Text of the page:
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I want to calculate Gibbs free energy of hydrogen atom adsorbed on an adsorption site (ΔGH*), to evaluate the HER activity of that particular surface of material.

How can i identify all possible H adsorption sites(*) on the corresponding surface of my material computationally ?

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  • $\begingroup$ Say for example all possible H adsorption sites on (011) surface of MoS2. $\endgroup$ Apr 3 at 7:35
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    $\begingroup$ If using DFT which is computationally expansive, we can scan whole sheet of minimum unit cell with NSW=0 which will be faster and we can get basic idea. $\endgroup$ Apr 3 at 14:06
  • $\begingroup$ @Pranav kumar Yes i am using DFT via Quantum-Espresso.Can you elaborate a little more on the method you mentioned. $\endgroup$ Apr 3 at 14:24
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    $\begingroup$ In short, Change hydrogen position on top of fixed MoS2 structure and calculate energy (no ionic movement of MoS2). You will get two dimension energy surface. However you can allow hydrogen to relax along normal to surface if you have sufficient resources. This 2d surface will provide an approximate position of hydrogen to sit. $\endgroup$ Apr 3 at 14:48
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    $\begingroup$ You would have a better luck looking at some Monte Carlo (MC) schemes to identify the possible adsorption sites. Performing a full 2D DFT scan is computationally very expensive. $\endgroup$ Apr 3 at 19:22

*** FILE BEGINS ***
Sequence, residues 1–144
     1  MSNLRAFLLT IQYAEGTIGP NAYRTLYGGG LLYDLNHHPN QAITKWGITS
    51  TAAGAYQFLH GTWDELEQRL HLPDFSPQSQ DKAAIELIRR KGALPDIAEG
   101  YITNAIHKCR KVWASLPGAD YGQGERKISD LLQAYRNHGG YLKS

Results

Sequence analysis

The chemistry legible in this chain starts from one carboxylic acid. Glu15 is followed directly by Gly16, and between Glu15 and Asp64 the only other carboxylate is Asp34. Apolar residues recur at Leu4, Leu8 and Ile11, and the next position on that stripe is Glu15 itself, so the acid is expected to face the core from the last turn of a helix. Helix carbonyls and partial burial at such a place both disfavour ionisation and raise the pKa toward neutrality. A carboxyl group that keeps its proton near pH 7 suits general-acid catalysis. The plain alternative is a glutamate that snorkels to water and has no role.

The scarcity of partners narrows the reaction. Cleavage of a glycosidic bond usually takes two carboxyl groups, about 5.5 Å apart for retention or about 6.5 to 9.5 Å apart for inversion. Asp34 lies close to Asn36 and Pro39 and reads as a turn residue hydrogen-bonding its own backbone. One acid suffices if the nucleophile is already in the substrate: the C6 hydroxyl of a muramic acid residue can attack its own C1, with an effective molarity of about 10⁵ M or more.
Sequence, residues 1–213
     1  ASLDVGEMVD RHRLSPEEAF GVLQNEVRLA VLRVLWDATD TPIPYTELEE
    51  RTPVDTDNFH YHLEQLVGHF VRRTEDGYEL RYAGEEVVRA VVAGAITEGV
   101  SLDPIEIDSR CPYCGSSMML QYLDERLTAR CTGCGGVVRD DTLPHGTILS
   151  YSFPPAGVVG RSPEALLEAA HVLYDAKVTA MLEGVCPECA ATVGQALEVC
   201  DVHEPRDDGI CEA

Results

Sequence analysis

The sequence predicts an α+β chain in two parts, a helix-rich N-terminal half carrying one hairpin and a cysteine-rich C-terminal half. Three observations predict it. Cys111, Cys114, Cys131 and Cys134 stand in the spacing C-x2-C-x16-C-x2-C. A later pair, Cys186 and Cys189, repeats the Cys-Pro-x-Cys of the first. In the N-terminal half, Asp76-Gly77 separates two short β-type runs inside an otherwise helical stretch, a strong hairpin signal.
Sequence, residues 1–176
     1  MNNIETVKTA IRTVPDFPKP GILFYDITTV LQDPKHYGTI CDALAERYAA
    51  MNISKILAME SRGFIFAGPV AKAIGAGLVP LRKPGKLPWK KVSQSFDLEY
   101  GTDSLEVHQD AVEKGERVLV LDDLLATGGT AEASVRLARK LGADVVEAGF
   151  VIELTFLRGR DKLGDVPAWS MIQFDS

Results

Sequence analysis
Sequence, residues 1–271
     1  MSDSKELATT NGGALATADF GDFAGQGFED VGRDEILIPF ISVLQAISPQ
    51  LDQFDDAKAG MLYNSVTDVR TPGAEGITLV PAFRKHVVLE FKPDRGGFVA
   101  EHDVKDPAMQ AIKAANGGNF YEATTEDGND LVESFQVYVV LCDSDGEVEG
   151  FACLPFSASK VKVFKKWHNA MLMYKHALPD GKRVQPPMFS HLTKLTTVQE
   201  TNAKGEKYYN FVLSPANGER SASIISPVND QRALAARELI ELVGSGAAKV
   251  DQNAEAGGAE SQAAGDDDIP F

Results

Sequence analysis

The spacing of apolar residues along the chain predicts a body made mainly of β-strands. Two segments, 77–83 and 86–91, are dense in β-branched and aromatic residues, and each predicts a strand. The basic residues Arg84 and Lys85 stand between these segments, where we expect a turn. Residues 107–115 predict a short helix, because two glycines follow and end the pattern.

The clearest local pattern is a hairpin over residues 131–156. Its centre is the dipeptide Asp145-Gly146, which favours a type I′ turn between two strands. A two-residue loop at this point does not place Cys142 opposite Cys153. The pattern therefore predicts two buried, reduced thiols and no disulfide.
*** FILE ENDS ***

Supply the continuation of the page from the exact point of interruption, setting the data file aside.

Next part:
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A quick search on google scholar returned multiple papers that have used Kinetic Monte Carlo simulations to investigate the binding of small molecules with surfaces. This paper gives the methodology for using MC simulations to investigate the binding of CO$_2$ molecules with MgO(100) surfaces. The same methodology should be applicable for the particular case that you are interested in.

Other references are

  1. https://pubs.aip.org/aip/jcp/article/77/12/6296/217092/Adsorption-of-polymer-chains-at-surfaces-Scaling
  2. https://www.sciencedirect.com/science/article/abs/pii/0039602889907310
  3. https://pubs.acs.org/doi/full/10.1021/la8020595
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  • $\begingroup$ Thank you @Hemanth Haridas $\endgroup$ Apr 3 at 19:53
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    $\begingroup$ Kinetic Monte Carlo is different then metropolis (simple mote Carlo). For kinetic Monte Carlo you need migration barrier energy of hydrogen. The indicated paper is based on classical potential not on DFT and used grand canonical as well. Monte Carlo with DFT is highly expansive and even simple metropolis of hydrogen on MOS2 surface is computational expansive than scanning only those points which are symmetrically inequivalent. $\endgroup$ Apr 5 at 6:12
  • $\begingroup$ It would be great if people who downvoted the answer could provide (i) either an answer to the question, or (ii) at least explain the reasoning behind the downvotes. Now to answer the question by @Pranavkumar I agree that running an MC algorithm with DFT is very expensive. My logic would be to run a coarser run using MC to get possible sites, and then refine them using DFT, because combinatorial explosion of sites is a very real thing. $\endgroup$ Apr 5 at 15:03

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